7.45pm: A short film screening of 'Being Unbound,' followed by a Q and A with the director, Anna Wistreich.
8.15pm: A presentation and spoken word performance from poet and artist, Jacob V Joyce.
The Brixton Museum is a portable display space and collecting device to record and share individual memories and the communal heritage of Brixton.
Its design recalls the street market traders trolleys and the lost canopies of Electric Avenue.
The Museum offers people the opportunity to contribute their own objects and stories, which are represented through traces and recordings. It also offers the opportunity to view these everyday objects and texts, which relate to the ‘heritage’ of brixton, whilst major regeneration projects are changing the face of the area and the council’s ‘Townscape Heritage Initiative’ selects what aspects of the built fabric will be kept.
A celebration of the final weekday of inaugural Brixton Design Trail. Community gathers in Rebel Space for the closing ceremony, imagining a utopian future for Brixton.
Alastair Lenzcer (Director of Expedition Engineering) and Nick Tyler (Chadwick Professor of Civil Engineering, UCL) share ideas on the future of South London's transport infrastructure.
Cycling is not viewed as a means of transport in Beirut, and the city is not the most cycle-friendly. However, congestion is a major issue, bearing high costs on the economy, society and the environment. The Chain Effect's mission is to promote the bicycle as a sustainable and convenient form of urban mobility and encourage its use in Beirut. They do this through street art, public installations and community projects.
KRVIA Mumbai graduate Aiman Mukhtiar displays her redevelopment project for Amardham, an informal settlement in Mumbai.
"Existing patterns of movement, pause points and open spaces have the potential to create a system for housing. Streets release into open spaces which taper and disappear into alleyways, giving every movement through Amardham a temporal nature."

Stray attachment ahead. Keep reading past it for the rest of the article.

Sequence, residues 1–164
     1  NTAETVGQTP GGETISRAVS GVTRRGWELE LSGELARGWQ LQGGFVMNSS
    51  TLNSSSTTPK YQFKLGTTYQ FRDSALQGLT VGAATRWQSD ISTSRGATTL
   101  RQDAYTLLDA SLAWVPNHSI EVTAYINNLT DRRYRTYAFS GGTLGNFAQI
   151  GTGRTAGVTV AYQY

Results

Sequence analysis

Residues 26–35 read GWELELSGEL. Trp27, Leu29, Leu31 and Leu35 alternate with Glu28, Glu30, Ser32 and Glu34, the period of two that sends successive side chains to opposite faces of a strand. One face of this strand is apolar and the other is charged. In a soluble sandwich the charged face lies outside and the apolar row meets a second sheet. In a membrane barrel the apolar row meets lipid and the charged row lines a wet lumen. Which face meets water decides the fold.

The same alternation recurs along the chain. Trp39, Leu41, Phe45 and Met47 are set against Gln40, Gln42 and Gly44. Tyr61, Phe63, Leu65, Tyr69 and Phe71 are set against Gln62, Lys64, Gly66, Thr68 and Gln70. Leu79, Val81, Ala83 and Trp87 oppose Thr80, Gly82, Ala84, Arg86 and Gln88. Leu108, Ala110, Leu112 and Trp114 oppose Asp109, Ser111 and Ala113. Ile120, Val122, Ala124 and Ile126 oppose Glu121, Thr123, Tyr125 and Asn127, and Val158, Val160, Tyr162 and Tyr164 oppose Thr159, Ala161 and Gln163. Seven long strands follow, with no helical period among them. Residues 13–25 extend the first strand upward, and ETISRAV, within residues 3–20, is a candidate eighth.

Brixton's history is interwoven with the rich, complex histories of the African and Caribbean diaspora. Cuisine, fashion, language and cultural norms in Brixton, and much of London in general, are drawn heavily from Afro-Caribbean cultures but we see this relationship less so in the built environment. We wanted to draw from the heuristic techniques and vernacular methodologies that are so common place in many African and Caribbean countries, to reflect and affect how we understand the relationship between our global identities and London's urban landscape. Techniques from Kumasi Market, materials from Brixton Market.
We engaged local engineering firm, Tall Engineers, to ensure the structural integrity of the design.
Engaging local communities is key to our process, both in the construction and utilisation of the space. A massive shout out to Lee Scaffolding Ltd for kindly sponsored Rebel Space and provided scaffolding expertise and materials to erect the space.
The success of our projects is reliant on the help and co-operation of others. We believe in co-production, where those involved in our projects are not merely spectators but stakeholders. It is only by this that we are able to execute projects requiring knowledge from a wide variety of disciplines and draw from a broad range of personal expertise and experiences.
Featured artwork by Gaby Sahhar.
Thanks to our sponsors: The Engineering Club, UCL Engineering, UCL Urban Lab, Tall Engineering, Lee Scaffolding Ltd, Nanban, Sackville Travel.